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Play your best hand, mateys; it's Poker Run time
Pirates play their cards right in lake event for childrens charities
Volunteers at the Aqualand Marina “Card Stop” during last year’s Pirates of Lake Lanier Charity Poker Run use long poles to hand out large playing cards to boatloads of costumed Poker Run participants.

Pirates of Lanier Family Poker Run

When: July 20-22

Where: Lake Lanier Islands Resort

Cost: Deluxe boat entry, $175; Super Deluxe boat entry (includes more hands, tickets), $275; extra playing hands, $50.

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Late in the evening, Jarrett Gorlin walked up to last year to Sunset Cove during the Pirates of Lanier Family Poker Run knowing he had to beat a royal flush.

At the end of the night, Gorlin was able to match the hand and win in a highest card draw.

Though Lady Luck may have been on his side, he also knows the dead presidents in his wallet also played their part.

“Some people on the lake are probably sick of me winning. My point is, I’m there to do some good for a charity and kids who are in need,” Gorlin said. “And if I gotta throw four, $5,000 out there to make sure all the money goes back to them, then that’s what I do.”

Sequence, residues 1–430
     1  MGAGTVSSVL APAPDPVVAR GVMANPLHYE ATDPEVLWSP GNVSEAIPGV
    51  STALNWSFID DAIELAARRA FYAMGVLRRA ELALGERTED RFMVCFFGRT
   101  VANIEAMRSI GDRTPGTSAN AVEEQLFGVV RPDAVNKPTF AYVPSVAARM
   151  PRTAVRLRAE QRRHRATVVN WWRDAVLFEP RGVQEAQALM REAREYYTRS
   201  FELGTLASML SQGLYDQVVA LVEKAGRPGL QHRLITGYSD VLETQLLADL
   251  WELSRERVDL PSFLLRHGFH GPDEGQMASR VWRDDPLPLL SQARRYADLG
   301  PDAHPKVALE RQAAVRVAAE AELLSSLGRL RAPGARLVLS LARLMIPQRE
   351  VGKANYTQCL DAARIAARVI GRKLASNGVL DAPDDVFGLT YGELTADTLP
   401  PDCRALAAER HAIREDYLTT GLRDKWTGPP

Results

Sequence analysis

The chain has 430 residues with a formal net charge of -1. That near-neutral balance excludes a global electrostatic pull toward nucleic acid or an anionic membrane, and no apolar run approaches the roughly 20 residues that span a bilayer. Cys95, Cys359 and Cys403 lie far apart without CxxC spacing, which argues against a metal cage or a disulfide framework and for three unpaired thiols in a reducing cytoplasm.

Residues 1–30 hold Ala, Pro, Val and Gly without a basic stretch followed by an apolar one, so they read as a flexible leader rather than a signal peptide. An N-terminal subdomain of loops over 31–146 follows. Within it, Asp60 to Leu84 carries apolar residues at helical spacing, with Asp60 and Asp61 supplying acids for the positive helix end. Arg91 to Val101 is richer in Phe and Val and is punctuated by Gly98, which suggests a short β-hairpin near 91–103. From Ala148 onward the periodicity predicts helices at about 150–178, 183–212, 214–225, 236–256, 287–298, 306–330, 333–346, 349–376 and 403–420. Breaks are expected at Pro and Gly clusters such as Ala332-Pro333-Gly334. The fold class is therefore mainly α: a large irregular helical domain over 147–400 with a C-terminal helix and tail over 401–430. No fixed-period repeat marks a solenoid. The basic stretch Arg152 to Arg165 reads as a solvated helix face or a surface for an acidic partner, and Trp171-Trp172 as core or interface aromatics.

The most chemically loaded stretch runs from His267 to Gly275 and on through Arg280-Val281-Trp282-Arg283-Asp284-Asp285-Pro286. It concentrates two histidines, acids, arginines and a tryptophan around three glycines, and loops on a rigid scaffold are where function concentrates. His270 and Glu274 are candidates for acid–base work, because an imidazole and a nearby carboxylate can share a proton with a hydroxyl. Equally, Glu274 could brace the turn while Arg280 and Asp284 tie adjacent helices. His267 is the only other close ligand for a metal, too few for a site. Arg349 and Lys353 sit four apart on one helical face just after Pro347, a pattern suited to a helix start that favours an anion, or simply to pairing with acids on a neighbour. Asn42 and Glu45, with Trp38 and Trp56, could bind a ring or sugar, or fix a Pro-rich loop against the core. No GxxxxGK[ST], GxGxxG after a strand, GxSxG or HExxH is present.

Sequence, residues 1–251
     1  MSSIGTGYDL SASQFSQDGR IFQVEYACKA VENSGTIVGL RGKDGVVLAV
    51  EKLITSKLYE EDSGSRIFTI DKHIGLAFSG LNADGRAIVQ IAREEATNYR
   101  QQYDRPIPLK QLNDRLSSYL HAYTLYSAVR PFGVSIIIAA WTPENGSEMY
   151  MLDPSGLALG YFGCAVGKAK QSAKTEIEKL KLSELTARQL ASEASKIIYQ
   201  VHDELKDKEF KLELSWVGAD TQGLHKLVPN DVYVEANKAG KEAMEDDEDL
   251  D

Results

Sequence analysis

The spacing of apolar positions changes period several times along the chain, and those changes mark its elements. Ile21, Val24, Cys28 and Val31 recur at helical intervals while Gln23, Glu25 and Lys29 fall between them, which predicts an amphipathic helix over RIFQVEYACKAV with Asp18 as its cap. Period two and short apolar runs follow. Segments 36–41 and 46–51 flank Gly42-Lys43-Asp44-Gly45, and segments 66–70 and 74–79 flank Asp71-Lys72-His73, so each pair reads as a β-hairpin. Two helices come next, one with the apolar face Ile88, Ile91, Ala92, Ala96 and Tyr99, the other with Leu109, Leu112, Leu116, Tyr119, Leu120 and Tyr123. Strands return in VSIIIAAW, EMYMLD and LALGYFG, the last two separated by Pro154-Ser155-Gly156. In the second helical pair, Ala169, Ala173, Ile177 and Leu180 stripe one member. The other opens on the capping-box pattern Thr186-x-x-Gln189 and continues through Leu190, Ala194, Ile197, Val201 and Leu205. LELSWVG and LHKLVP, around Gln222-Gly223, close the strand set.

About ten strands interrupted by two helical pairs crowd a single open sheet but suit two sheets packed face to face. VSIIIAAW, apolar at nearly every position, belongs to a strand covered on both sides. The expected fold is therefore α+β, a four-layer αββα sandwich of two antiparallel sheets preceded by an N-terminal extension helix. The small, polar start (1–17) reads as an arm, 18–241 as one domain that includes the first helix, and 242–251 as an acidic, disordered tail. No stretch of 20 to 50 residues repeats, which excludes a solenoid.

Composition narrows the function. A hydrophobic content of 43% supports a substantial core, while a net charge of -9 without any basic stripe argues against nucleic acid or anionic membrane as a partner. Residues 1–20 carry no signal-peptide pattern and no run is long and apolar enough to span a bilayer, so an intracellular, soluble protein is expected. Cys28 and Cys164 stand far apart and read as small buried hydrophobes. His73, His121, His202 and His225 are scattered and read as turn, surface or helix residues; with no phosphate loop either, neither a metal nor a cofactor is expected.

This year’s poker run is July 20-22 at Lake Lanier, with the meet and greet on the first day and the poker run on the last day.

Having had a boat on the lake for most of his life, Gorlin called the event the “funnest day on the lake of the year.”

Winners do tend to return the prize money back to the organization and its charities, including Camp Sunshine, Camp Twin Lakes and the Boys and Girls Clubs of Lanier. The two camp charities provide programs for children facing cancer or other serious illnesses and disabilities.

Participants sign up and buy a certain amount of hands. If you buy five hands, you would pick up five cards in sealed envelopes from each of the five stops along the lake.

Runners end the night at Sunset Cove with stacks of sealed cards, separating them out to play the hands.

“I start buying cards until I beat the one that’s up there,” Gorlin said.

Gorlin said the event has a great sense of camaraderie, as everyone there has the same goal to raise money for charity.

Last year’s event was preceded by tragedy. The night before the poker run, two couples from Kentucky were killed when their boat capsized July 15. The accident took the lives of the boat’s operator, Arthur J. McMahan, 46, his wife, Melissa Renee McMahan, 45, and passengers Anthony J. Reece, 45, and Tammy R. Reece, 44.

The McMahans were from Mount Washington, Ky., and the Reeces from Columbia, Ky.

To honor the fallen boaters, the event began with a memorial procession of boats from the Buford Dam to the Gainesville Marina.

“It was a tragedy, but the good that came out of it was a very clear reminder that you can have a lot of fun, but you can also get hurt,” Gorlin said.